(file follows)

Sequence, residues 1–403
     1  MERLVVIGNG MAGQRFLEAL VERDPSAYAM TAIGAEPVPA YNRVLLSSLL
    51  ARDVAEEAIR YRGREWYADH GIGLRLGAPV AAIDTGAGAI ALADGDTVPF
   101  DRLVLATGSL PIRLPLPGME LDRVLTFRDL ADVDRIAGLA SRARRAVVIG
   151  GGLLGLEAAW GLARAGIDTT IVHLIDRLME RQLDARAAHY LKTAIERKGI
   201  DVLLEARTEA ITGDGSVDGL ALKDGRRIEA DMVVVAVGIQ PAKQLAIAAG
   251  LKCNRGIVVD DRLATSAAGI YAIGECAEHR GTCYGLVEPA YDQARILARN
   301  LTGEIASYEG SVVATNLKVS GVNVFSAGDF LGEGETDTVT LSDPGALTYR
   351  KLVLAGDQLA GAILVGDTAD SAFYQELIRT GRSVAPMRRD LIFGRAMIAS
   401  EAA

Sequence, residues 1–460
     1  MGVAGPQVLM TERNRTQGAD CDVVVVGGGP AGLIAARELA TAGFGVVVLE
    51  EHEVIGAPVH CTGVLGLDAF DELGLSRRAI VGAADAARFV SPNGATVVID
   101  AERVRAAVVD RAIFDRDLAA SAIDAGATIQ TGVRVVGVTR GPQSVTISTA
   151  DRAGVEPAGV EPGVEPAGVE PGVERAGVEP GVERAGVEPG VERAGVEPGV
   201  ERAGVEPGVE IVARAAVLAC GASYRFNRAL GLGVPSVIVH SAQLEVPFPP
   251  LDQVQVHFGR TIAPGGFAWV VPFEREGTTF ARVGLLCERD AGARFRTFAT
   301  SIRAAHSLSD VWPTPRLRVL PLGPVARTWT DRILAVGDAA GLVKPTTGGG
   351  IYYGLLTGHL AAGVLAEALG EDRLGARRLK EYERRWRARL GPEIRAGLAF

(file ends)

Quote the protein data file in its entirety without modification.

Sequence, residues 1–403
     1  MERLVVIGNG MAGQRFLEAL VERDPSAYAM TAIGAEPVPA YNRVLLSSLL
    51  ARDVAEEAIR YRGREWYADH GIGLRLGAPV AAIDTGAGAI ALADGDTVPF
   101  DRLVLATGSL PIRLPLPGME LDRVLTFRDL ADVDRIAGLA SRARRAVVIG
   151  GGLLGLEAAW GLARAGIDTT IVHLIDRLME RQLDARAAHY LKTAIERKGI
   201  DVLLEARTEA ITGDGSVDGL ALKDGRRIEA DMVVVAVGIQ PAKQLAIAAG
   251  LKCNRGIVVD DRLATSAAGI YAIGECAEHR GTCYGLVEPA YDQARILARN
   301  LTGEIASYEG SVVATNLKVS GVNVFSAGDF LGEGETDTVT LSDPGALTYR
   351  KLVLAGDQLA GAILVGDTAD SAFYQELIRT GRSVAPMRRD LIFGRAMIAS
   401  EAA

Sequence, residues 1–460
     1  MGVAGPQVLM TERNRTQGAD CDVVVVGGGP AGLIAARELA TAGFGVVVLE
    51  EHEVIGAPVH CTGVLGLDAF DELGLSRRAI VGAADAARFV SPNGATVVID
   101  AERVRAAVVD RAIFDRDLAA SAIDAGATIQ TGVRVVGVTR GPQSVTISTA
   151  DRAGVEPAGV EPGVEPAGVE PGVERAGVEP GVERAGVEPG VERAGVEPGV
   201  ERAGVEPGVE IVARAAVLAC GASYRFNRAL GLGVPSVIVH SAQLEVPFPP
   251  LDQVQVHFGR TIAPGGFAWV VPFEREGTTF ARVGLLCERD AGARFRTFAT
   301  SIRAAHSLSD VWPTPRLRVL PLGPVARTWT DRILAVGDAA GLVKPTTGGG
   351  IYYGLLTGHL AAGVLAEALG EDRLGARRLK EYERRWRARL GPEIRAGLAF